Anyone who shows the slightest Covid-19 symptoms must be immediately reported to the health authorities and isolated for two weeks.

Conte's government also intends to secure tens of thousands of certified blood test kits to see how many people have developed antibodies for the disease. Those with the antibodies might have immunity and be allowed to work.

READ ALSO: The Italian mayor fighting for mass virus blood testing

But Italy does not have any certified kits at the moment and when these will be available remains unknown. It is also unclear whether people with antibodies can still spread the disease.

Italy is also reportedly planning to build more coronavirus-specific hospitals across the country.

The government's final proposal involves using phone apps to “strengthen contact tracing” — a controversial measure opposed by privacy advocates that has been tried in countries such as South Korea and Israel.

Italy’s civil protection agency says that 21,815 people have so far recovered from the coronavirus.

This article has been edited to clarify the total number of new cases.

Member comments

  1. Why is the local now using this ridiculous new recording system? It was using the worldometers data up until now which is the accurate number. The true number of new cases is 4316. How are people to truly understand the situation if you report only 2972 of 4316 new cases. The situation is certainly improving but we haven’t drop from 6153 new cases in a day to 2972. People still need to take this just as serious and continuing to use this metric means that we will reach a point where new cases are being ignored because the rate of recovery is high promoting the disregard of the quarantine and social distancing too soon. I really disagree with the decision to this “adjusted” number.

  2. I agree with James completely. Even the figures on Worldometer are considered to be markedly under estimating the true number of cases and deaths. We need to continue vigilance for some time yet.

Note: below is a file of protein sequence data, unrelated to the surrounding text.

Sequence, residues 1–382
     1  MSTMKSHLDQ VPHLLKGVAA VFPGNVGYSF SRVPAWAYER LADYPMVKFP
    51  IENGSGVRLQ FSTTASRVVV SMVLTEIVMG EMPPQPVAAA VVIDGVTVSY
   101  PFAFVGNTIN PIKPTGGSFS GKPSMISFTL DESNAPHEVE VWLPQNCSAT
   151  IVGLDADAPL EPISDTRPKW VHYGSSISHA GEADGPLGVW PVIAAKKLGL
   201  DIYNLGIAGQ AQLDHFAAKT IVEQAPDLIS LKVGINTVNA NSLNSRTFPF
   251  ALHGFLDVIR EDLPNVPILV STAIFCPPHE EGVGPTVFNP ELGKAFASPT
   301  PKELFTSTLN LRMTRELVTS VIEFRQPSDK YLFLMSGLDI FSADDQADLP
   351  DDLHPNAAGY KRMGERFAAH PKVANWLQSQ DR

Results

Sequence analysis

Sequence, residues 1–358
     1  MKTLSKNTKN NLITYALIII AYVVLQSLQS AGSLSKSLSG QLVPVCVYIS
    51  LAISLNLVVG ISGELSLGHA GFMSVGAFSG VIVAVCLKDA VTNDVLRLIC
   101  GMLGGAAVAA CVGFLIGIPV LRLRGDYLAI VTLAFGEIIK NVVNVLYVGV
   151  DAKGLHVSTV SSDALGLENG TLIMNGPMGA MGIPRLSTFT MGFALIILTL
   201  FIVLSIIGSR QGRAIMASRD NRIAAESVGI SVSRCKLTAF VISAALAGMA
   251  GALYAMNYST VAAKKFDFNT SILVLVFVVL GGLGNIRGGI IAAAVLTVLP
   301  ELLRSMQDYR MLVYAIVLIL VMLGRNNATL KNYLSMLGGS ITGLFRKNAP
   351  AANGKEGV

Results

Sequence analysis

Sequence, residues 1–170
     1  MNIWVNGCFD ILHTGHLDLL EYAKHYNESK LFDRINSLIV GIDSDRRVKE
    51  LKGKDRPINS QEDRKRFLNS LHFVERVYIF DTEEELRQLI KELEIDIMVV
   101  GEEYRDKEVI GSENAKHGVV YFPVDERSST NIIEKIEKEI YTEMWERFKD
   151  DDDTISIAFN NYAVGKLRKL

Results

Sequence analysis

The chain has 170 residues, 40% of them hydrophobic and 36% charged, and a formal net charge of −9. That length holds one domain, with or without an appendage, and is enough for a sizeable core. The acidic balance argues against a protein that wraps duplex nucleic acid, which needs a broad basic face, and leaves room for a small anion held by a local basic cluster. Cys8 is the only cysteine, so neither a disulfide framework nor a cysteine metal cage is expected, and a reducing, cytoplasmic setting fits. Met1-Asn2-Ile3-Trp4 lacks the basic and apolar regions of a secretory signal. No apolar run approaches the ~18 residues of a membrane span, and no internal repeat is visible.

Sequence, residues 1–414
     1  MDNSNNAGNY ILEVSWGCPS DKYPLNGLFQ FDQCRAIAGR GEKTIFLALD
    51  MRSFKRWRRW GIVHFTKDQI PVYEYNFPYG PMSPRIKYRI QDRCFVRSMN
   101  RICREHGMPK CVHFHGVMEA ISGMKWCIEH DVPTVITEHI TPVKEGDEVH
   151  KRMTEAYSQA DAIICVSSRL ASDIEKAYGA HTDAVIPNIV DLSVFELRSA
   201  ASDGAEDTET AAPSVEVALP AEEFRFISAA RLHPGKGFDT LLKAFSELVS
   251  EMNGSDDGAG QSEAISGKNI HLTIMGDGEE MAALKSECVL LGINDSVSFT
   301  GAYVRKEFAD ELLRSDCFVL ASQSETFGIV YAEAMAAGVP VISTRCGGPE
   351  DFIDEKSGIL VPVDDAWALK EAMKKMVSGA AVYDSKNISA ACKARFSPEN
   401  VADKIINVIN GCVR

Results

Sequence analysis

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Living in Italy: Five tips to help you survive the local pharmacy

From ear piercings to flu jabs, Italian ‘farmacie’ are among the most useful stores in the country, but they’re also very odd places. Here are our tips on getting through the pharmacy experience.

Living in Italy: Five tips to help you survive the local pharmacy

Italian pharmacies aren’t just stores selling prescription or over-the-counter medicines.

As a customer, you’ll find all sorts of natural remedies, basic health supplies and personal care items on their shelves. 

You’ll also be able to receive basic medical services (for instance, blood pressure checks, Covid tests and flu jabs) and some non-health-related ones (like getting your ears pierced!) in most branches. 

READ ALSO: Reader question: Can I still get the flu vaccine in Italy? 

But, while being extremely useful stores, Italian farmacie (pronunciation available here) are also peculiar places and their set of unwritten rules and solidified traditions may well throw off newcomers.. 

So here are five tips that might help you complete your first expeditions to your local pharmacy without making a fool of yourself.

1 – Decipher your doctor’s scribbles before your trip

Much like some of their foreign colleagues, Italian GPs have a penchant for writing prescriptions that no one else is actually able to read. 

We might never find out why doctors seem so intent on making ancient hieroglyphs fashionable again, but their calligraphic efforts will surely get in the way of you trying to buy whatever medicine you need to survive.